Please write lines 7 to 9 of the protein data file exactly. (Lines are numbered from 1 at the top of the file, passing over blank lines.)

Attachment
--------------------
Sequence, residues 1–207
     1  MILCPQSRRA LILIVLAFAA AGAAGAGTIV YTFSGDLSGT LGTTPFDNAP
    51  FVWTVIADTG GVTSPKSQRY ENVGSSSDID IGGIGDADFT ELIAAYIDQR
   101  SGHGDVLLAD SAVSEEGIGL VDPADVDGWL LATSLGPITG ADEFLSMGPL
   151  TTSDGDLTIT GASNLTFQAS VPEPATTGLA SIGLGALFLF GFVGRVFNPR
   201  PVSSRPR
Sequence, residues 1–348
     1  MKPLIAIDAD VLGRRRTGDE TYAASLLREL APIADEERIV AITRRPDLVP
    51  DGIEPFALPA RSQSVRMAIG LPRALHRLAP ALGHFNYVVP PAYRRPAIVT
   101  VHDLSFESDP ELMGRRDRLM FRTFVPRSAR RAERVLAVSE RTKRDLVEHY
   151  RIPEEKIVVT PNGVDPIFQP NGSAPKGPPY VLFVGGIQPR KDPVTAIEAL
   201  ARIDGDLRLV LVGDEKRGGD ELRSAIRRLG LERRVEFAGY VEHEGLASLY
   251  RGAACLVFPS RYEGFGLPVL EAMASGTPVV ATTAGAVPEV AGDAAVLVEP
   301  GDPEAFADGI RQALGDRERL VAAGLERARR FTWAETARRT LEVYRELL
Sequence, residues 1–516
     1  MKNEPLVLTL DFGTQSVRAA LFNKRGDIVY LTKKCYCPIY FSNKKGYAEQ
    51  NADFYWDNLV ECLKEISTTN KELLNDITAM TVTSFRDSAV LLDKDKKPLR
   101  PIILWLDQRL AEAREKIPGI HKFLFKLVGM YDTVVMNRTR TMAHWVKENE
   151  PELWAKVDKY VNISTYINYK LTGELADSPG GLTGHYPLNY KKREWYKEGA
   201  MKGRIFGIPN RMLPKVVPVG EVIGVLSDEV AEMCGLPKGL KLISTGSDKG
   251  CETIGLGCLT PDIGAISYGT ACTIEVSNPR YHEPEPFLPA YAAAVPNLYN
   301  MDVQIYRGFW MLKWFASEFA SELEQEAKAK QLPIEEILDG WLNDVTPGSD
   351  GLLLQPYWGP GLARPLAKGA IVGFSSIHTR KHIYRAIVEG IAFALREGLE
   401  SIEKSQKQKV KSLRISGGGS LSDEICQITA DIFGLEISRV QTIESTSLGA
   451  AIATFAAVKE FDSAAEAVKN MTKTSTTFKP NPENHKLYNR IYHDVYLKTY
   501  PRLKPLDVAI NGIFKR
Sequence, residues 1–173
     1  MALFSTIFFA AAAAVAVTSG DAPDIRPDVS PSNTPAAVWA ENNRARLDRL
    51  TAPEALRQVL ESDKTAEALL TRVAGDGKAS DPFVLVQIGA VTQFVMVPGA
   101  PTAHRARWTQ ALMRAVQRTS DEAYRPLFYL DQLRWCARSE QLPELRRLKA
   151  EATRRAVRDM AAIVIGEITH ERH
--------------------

Sequence, residues 1–348
     1  MKPLIAIDAD VLGRRRTGDE TYAASLLREL APIADEERIV AITRRPDLVP
    51  DGIEPFALPA RSQSVRMAIG LPRALHRLAP ALGHFNYVVP PAYRRPAIVT